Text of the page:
• From January 2017 to January 2018, total employment increased in Michigan by 37,000 or 0.8 percent while the number of unemployed in the state declined by 11,000 or 4.5 percent.  Over the same period, total employment nationwide advanced by 1.5 percent while the number of unemployed fell by 12.5 percent.

MICHIGAN
Labor Force Estimates

Seasonally Adjusted
(Data in Thousands)

 

January
2017

December
2017

January
2018

Change
(Month)

Change
(Year)

Civilian Labor Force

4,872

4,900

4,897

-3

25

Employment

4,629

4,669

4,666

-3

37

Unemployment

243

231

232

1

-11

Rate (Percent)

5.0

4.7

4.7

xxx

xxx

 

Detroit Metropolitan Area’s January Unemployment Rate Stable

The Detroit-Warren-Dearborn Metropolitan Statistical Area’s (MSA’s) seasonally adjusted unemployment rate in January was unchanged at 4.4 percent.  Total employment declined over the month by 4,000 in the region while the number of unemployed was unchanged, pushing the area’s workforce down by 4,000 in January.  With the annual revision process, the Detroit MSA annual rate was revised downward by one-tenth of a percentage point from 4.5 to 4.4 percent.  The region’s 2017 annual unemployment rate fell by nine-tenths of a percentage point from the 2016 annual rate of 5.3 percent.  This was the eighth consecutive annual rate reduction in the area, falling by 10.7 percentage points from the recent high of 15.1 percent recorded in 2009.  2017 marked the first time since 2001 that the region’s annual unemployment rate was below the state’s rate.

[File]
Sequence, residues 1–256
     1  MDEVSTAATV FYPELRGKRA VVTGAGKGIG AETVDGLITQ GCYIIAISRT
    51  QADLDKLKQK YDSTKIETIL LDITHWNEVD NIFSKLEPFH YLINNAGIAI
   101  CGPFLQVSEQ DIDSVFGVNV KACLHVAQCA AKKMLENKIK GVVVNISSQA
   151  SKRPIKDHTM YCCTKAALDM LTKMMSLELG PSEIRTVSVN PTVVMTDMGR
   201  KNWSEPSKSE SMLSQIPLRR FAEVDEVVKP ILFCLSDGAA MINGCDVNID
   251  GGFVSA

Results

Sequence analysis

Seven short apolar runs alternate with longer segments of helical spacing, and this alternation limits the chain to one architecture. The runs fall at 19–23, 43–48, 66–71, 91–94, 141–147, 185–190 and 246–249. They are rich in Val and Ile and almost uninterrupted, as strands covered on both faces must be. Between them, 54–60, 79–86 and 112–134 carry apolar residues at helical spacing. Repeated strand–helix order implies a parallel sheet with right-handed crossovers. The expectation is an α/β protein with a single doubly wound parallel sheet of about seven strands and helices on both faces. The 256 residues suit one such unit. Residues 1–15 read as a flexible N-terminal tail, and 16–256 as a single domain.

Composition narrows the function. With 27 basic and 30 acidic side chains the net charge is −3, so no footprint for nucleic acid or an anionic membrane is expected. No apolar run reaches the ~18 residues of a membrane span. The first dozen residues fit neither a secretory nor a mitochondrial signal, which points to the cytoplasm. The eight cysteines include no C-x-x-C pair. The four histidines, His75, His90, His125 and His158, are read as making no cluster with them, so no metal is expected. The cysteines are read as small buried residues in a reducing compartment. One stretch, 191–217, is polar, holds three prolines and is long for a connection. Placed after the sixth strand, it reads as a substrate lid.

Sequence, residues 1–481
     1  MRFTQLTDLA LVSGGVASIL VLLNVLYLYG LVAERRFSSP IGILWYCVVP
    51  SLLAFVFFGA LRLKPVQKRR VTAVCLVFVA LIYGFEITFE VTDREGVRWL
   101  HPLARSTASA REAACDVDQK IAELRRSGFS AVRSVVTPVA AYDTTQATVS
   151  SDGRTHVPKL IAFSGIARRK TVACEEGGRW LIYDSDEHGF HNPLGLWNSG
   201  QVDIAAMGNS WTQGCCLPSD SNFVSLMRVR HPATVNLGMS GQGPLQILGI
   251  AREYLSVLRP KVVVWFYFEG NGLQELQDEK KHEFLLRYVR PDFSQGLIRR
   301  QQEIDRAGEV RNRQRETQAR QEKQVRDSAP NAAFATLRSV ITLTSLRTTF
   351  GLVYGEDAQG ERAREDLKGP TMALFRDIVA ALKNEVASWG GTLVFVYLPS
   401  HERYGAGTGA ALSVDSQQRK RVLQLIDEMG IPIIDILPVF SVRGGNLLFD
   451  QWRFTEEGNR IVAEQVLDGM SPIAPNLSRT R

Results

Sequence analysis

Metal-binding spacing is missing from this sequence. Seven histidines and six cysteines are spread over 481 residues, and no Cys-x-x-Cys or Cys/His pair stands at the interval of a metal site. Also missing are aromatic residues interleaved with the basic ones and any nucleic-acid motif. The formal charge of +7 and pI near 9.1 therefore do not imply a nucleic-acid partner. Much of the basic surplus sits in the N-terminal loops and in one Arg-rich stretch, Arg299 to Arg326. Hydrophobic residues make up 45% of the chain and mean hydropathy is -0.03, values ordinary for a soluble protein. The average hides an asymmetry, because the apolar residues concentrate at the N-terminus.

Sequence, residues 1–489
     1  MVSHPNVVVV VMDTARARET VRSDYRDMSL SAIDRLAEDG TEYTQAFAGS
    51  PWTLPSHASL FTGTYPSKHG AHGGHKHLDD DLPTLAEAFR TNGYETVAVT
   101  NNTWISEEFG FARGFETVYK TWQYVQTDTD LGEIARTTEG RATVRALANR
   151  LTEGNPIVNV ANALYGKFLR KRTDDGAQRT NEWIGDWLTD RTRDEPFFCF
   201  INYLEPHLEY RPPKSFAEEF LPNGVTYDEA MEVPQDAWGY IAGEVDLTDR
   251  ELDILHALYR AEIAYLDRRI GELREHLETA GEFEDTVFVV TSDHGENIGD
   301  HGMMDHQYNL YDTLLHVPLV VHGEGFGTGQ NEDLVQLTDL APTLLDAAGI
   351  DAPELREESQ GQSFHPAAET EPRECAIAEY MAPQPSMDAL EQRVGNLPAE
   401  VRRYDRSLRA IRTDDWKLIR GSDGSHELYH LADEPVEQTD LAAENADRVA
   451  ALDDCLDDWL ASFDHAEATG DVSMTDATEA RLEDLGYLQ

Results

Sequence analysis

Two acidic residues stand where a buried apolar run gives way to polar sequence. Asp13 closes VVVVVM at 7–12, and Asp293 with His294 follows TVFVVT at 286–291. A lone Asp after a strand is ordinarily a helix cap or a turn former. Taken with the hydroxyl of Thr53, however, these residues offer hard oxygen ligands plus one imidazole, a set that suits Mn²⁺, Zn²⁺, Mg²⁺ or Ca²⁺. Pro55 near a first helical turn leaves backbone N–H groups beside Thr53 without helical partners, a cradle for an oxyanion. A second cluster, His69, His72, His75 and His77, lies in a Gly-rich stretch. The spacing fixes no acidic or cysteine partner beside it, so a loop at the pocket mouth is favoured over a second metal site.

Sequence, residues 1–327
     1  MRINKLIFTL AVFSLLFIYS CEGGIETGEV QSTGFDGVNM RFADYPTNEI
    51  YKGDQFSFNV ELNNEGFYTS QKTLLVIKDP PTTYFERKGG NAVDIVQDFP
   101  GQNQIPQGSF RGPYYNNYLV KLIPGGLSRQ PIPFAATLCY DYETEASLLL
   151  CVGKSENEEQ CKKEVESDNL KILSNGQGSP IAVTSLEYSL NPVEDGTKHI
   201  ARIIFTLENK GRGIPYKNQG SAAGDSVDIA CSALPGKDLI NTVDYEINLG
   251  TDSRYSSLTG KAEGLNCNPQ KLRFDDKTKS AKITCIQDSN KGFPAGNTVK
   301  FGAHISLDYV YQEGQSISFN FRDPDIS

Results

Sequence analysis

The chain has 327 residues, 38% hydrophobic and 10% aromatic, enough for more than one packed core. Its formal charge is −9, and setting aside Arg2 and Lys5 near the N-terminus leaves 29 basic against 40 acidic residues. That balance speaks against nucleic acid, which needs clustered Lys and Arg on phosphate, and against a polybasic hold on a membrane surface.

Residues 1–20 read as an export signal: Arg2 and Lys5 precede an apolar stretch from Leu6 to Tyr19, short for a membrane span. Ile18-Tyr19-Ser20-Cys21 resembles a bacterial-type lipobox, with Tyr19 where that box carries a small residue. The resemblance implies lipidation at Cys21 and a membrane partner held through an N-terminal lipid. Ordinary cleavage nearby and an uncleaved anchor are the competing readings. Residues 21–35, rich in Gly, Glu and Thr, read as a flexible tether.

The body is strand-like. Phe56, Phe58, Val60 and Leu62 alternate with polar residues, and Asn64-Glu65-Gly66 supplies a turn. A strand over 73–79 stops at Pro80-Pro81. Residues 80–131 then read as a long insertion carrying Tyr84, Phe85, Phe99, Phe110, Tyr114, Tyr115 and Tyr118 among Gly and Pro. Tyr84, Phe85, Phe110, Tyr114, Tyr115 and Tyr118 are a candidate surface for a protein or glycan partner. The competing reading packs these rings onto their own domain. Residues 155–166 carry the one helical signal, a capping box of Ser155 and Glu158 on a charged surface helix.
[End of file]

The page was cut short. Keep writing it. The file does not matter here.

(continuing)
From January 2017 to January 2018, the Detroit metropolitan area’s jobless rate fell by seven-tenths of a percentage point.  Over that period, total employment advanced by 25,000 or 1.3 percent and the number of unemployed declined by 14,000 or 13.0 percent.  The Detroit MSA’s workforce rose moderately by 11,000 or 0.5 percent since January 2017.

Detroit-Warren-Dearborn MSA
Labor Force Estimates

Seasonally Adjusted
(Data in Thousands)

 

January
2017

December
2017

January
2018

Change
(Month)

Change
(Year)

Civilian Labor Force

2,105

2,120

2,116

-4

11

Employment

1,997

2,026

2,022

-4

25

Unemployment

108

94

94

0

-14

Rate (Percent)

5.1

4.4

4.4

xxx

xxx

January Payroll Jobs Edge Upward

According to the monthly survey of employers, seasonally adjusted Michigan payroll jobs increased in January by 6,000 to 4,400,000.  Over-the-month job gains were posted in Professional and business services (+3,000), Education and health services (+2,000), and Other services (+2,000).  January job reductions were recorded in Manufacturing (-2,000) and Leisure and hospitality services (-2,000).  The state’s remaining major industry sectors increased slightly or were stable over the month.